Perhaps it is my age or the increasing grey in my hair, but I realized last week that HIV has been around since I was a medical student!
That realization caused me to reflect on those 30 years and my experiences with HIV/AIDs.
1. The first person with HIV that I saw in Adelaide in the 80s was a gay man as was consistent with the early reports. He died quickly of overwhelming lung infection. It was not long before AIDs and the HIV began its non-discriminating spread throughout the globe.
2. I recall visiting the National Cancer Center in Uganda in 1990, and seeing men there with Kaposi’s Sarcoma. The Oncologists told me that they could identify those associated with HIV by the presence of mucosal lesions, not something they had seen with endemic KS.
3. On arriving in the USA in 1994, I visited the Memorial Sloan Kettering Pain Service for a few days. Palliative care issues with AIDS patients made up a lot of their work and patients were continuing to die of this disease, often after living with significant morbidity including pain.
4. The stigma associated with this disease continued to be significant in the 90s as young men returned to Madison, to die of this disease while receiving hospice services. I recall home visits with a number of these patients and their families, one in particular where his mother was caring for him in his dying days while the rest of the family still denied that he had the disease.
5. Anti-retroviral therapy was a huge breakthrough but not without its costs. I have recently cared for a man who used ARVs at the time of the original trials. He himself did not qualify for the trials (his counts were too high), but he shared his partner’s trial medications, until the partner died from an infection. Once these were approved he continued ARV for many years and as a result lived with a significant neuropathic pain syndrome that requiring ongoing opioid therapy until his own death.
6. As the disease spread through low and middle income countries, especially in sub-saharan Africa, the lack of organized health care systems created great strain on fledgling hospice and palliative care programs, such as Meru, Kenya. This strain, to me, was created by PEPFAR’s strong focus on ARVs with everything else in the treatment spectrum being placed under the umbrella of “palliative care.” This is not negating the value of PEPFAR, just a statement reinforcing the current goal of building good health care systems.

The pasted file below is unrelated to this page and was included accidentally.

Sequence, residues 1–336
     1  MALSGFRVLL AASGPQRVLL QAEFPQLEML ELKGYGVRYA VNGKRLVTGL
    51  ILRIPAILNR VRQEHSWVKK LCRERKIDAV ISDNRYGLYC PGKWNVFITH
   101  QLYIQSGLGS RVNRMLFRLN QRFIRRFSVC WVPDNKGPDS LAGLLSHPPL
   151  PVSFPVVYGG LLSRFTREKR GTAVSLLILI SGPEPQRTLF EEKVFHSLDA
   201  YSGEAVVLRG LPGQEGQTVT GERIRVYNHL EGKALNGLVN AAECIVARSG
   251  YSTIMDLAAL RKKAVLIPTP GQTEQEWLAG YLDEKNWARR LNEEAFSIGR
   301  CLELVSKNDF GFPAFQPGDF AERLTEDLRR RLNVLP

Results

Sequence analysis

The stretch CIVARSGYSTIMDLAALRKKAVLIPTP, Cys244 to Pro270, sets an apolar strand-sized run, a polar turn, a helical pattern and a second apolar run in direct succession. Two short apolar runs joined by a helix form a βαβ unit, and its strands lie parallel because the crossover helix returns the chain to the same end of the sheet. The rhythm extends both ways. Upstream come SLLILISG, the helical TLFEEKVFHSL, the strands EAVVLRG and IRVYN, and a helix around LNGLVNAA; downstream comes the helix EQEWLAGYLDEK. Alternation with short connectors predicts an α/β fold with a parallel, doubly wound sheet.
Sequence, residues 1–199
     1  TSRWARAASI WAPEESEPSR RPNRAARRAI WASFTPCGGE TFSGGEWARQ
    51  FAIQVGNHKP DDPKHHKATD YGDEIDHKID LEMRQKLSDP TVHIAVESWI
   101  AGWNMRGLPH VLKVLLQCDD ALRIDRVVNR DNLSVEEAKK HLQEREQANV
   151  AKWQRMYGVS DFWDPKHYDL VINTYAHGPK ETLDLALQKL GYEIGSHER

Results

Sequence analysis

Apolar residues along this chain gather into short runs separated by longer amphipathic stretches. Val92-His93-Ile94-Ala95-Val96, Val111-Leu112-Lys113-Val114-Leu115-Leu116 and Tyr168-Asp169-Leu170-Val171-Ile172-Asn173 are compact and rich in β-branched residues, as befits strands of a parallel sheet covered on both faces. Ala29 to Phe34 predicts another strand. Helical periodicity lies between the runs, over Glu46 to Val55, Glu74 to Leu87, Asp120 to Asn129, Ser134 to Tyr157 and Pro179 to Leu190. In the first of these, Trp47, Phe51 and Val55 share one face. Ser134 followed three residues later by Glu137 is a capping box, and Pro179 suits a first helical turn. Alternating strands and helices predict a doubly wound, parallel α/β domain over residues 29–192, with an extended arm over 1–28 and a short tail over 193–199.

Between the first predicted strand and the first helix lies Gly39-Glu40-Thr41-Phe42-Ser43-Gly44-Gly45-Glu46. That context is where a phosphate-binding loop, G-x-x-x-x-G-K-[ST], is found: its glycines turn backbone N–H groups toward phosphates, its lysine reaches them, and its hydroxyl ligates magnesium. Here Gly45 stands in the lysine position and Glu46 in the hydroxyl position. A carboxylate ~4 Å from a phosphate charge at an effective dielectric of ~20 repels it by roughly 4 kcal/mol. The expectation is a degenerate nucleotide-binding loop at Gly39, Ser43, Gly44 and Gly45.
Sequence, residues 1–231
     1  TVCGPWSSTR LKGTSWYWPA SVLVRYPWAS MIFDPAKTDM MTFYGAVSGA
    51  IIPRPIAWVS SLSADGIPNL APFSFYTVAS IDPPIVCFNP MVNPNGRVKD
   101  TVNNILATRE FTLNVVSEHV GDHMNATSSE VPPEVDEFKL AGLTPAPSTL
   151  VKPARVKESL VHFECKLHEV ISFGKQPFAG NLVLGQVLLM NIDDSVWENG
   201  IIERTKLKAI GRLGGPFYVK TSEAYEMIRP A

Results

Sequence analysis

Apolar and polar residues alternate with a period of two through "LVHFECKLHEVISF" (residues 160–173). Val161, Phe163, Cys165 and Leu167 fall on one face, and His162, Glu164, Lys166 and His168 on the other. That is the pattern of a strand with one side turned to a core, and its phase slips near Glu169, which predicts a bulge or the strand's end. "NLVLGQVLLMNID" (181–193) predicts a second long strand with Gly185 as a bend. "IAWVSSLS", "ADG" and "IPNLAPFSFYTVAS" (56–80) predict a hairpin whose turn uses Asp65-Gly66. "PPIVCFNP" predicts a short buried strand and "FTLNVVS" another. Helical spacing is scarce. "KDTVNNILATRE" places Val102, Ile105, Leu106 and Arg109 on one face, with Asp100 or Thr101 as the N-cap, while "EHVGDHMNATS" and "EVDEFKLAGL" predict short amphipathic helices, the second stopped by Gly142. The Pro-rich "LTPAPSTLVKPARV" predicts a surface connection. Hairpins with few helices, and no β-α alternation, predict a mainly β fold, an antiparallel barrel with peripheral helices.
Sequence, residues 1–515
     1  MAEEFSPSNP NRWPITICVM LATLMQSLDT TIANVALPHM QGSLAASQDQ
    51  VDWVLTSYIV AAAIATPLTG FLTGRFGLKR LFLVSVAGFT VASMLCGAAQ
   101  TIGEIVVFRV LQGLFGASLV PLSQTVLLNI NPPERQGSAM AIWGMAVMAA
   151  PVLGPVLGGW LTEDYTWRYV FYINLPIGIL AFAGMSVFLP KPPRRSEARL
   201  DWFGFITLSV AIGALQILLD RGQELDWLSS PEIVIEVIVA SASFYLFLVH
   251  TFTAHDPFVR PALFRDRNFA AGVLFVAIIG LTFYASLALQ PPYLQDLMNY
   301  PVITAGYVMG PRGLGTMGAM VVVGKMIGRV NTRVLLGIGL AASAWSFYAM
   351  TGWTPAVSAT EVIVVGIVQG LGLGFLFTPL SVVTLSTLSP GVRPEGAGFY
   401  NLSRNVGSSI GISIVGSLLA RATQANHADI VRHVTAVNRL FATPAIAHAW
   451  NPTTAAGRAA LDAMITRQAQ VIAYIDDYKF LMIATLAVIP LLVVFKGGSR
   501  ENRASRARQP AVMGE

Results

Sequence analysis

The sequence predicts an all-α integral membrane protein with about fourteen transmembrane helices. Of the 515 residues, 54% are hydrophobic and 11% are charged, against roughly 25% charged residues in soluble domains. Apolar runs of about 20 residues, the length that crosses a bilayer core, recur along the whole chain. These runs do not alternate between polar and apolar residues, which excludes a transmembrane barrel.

7. I attended a WHO workshop, supported by the Ford Foundation and Altarum Institute on “Decent Care in Palliative Care” in Tunisia in early 2009. Among the attendees from around the world, were both people living with HIV as well as those providing care for them. Coming from my home in liberal Madison,Wisconsin, I was concerned by the ongoing degree of stigmatization reported by those living with HIV. Daily, our colleagues from around the world shared stories of this stigma and shared the importance of support and advocacy groups that had been organized, often at great risk to their founders. Equally many of these people, who were receiving ARVs, were totally unaware of the lack of health care services, including palliative care and opioids, for the many cancer patients in their own countries. I continue to believe that that we need to stress the value of decency in the health care we provide.
8. As we move forward with recognizing palliative care and pain relief as human rights, there is not a competition between HIV and Cancer and other non-communicable diseases. We need palliative care for all. It is the decent thing to do!
Appreciate any thoughts you have on these reflections or your own!